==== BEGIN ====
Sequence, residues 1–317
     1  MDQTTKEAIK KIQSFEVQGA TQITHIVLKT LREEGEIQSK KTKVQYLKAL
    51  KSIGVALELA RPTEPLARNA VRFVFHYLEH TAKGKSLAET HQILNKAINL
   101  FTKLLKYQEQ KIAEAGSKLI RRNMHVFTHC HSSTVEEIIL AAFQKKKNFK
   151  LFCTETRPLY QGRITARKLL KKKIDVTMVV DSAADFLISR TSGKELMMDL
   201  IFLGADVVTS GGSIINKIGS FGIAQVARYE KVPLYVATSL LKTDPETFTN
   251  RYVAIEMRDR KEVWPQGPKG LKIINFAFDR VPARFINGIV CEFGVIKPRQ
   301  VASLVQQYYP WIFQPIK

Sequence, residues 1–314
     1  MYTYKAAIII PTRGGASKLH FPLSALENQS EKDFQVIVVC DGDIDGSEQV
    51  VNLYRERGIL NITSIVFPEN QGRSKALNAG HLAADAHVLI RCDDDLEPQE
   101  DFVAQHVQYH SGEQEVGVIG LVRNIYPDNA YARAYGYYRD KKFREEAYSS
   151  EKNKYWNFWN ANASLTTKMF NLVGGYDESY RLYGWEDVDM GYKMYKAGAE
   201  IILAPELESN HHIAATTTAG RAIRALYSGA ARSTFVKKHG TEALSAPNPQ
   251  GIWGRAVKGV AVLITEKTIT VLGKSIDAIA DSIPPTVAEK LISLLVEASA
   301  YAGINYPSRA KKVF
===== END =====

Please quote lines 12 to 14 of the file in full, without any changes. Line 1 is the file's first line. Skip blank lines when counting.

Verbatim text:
   101  DFVAQHVQYH SGEQEVGVIG LVRNIYPDNA YARAYGYYRD KKFREEAYSS
   151  EKNKYWNFWN ANASLTTKMF NLVGGYDESY RLYGWEDVDM GYKMYKAGAE
   201  IILAPELESN HHIAATTTAG RAIRALYSGA ARSTFVKKHG TEALSAPNPQ